Last year many California employers were forced to adapt their traditional 90-day probationary periods to comport with a state-specific requirement imposing a maximum eligibility waiting period for benefits of 60 days. This created a confusing list of choices for California employers who often like to provide benefits as a “prize” for passing a probationary period.

Many employers have a 90-day introductory or probationary period.  During that time, the employer and the employee are supposed to evaluate each other and determine if they’re each satisfied with the employment relationship.  If they are, the employee stays and often gets more benefits, including health care coverage, and maybe accrued vacation and/or paid holidays.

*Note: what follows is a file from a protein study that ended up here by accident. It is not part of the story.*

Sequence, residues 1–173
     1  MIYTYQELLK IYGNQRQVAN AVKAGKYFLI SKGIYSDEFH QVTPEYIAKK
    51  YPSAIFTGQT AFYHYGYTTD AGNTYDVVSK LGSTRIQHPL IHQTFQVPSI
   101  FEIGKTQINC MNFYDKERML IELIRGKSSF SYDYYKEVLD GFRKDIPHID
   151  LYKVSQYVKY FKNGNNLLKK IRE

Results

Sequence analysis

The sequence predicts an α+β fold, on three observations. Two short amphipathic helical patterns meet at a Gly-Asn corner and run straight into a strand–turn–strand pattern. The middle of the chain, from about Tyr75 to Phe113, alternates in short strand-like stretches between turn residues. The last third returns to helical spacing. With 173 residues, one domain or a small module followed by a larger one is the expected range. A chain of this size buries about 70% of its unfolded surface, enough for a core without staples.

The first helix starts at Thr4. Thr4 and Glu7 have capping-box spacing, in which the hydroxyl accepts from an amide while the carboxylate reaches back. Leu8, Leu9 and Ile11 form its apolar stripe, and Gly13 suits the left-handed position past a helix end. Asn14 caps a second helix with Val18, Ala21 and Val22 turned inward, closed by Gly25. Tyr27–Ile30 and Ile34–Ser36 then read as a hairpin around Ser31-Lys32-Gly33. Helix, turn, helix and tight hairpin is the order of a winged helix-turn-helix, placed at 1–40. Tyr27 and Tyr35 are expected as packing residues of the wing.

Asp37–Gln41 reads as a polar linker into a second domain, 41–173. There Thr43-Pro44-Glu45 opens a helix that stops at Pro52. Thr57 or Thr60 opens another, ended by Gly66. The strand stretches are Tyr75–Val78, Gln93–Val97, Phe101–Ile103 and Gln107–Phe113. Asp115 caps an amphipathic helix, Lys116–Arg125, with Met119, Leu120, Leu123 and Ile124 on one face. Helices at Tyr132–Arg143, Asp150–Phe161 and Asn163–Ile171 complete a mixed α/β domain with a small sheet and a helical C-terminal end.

As the year end approaches it’s time to revisit your employee handbook and incorporate any updates reflecting changes in the law or your company’s practices.

At first, I thought this year only had a few minor handbook edits needed, including:

  • Add the word “stalking” to protections for domestic violence victims.
  • Expand the protections for victims